NAMM Oral History Program Celebrates 20 Years

Elizabeth Dale

The NAMM Oral History Collection is unlike any other collection in the world. The heart of the Collection is the depth of its narratives that cover innovative creations, the evolution of musical instruments, the ever-changing world of music retail, as well as our collective quest to improve music education around the globe. Oral History participants have come from 79 different countries, 49 U.S. states and were born between 1896 and 1997. This library of video interviews, now over 4,500 strong and always growing, contains the story of our industry told by those who helped to shape it and have watched it expand and develop through the years. Notable interviews include Henry Steinway, Les Paul, Sheila E, Henry Goldrich (Manny’s Music), BB King, Keith Emerson, Marilyn Bergman (songwriter), Weird Al Yankovic, and Emmylou Harris.

First approved by the NAMM Board of Directors in 1996, the NAMM Oral History Program works to “preserve the history of the music products industry, including industry innovations, the evolution of musical instruments and music retail, as well as improving music education worldwide.” The NAMM Oral History Program conducted its first official interview twenty years ago when NAMM Music Historian, Dan Del Fiorentino, sat down with professional harmonica player Bill Walden on March 5, 2000 while Walden was attending the NAMM Foundation’s Museum of Making Music grand opening.

Bill Walden

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Early on in the program, Del Fiorentino was assisted by volunteer turned NAMM Collections Specialist, Katie Wheeler, who spent 15 years on the project before her retirement in 2016. Wheeler reflected on her favorite memory of the Oral History Program commenting:

“I was in my first few years of volunteering, when Dan was speaking with musician John P. Smith. Another gentleman who had been visiting the Museum of Making Music approached Dan with a question regarding who was present at the historic 1939 jazz concert at Carnegie Hall in New York. Low and behold, Smith had been at that show himself and was able to answer the patron’s inquiry. This firsthand resource was a stunning example of how vital the Oral History Program is in providing information to NAMM Members, scholars, professionals, and music enthusiasts.”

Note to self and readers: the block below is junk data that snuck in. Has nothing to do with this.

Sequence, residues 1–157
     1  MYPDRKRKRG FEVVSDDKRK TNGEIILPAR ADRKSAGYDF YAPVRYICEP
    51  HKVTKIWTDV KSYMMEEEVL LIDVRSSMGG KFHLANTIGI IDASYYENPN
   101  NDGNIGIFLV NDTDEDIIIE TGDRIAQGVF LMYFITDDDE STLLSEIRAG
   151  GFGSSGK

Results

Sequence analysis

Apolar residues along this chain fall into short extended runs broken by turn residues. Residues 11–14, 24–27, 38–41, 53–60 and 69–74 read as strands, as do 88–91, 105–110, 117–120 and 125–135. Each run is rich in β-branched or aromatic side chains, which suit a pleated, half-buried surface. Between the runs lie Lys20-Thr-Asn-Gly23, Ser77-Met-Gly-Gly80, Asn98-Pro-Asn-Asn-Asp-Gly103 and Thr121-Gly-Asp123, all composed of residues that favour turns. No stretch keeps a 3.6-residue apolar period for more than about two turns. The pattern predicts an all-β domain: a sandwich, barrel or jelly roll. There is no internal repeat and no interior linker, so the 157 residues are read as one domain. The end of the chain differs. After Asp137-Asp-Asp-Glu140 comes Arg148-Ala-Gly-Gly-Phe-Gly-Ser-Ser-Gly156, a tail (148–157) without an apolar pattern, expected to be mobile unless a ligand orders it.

John P. Smith

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The NAMM Oral History team is comprised of Mike Mullens, NAMM Multimedia Specialist and Ashley Allison, NAMM Resource Center Coordinator. Allison, who has recently joined the team experienced her first NAMM Show in 2020 and reflected stating, “We were able to capture the highest number of interviews at a NAMM Show, 84 in six whirlwind days! It was great to hear the laughter coming out of the room and see the bond that had been created from the interview when interviewees walked out.” Mullens, who began assisting the program in 2016 as an intern and continued in his current position in 2017 is the team’s expert when it comes to the latest technology, Mullens shared, “We are constantly reviewing our gear and workflow to ensure the collection is viewable in the best format for years to come. With the addition of The Music History Project podcast, we can showcase the depth of the interviews in a way we never could before.” Mullens also has a soft spot for a collection of interviews he helped capture from Massachusetts in 2017, noting, “These interviews are special to me because I got to take the program back to my roots and interview some of the people I grew up knowing in the industry, including my dad!”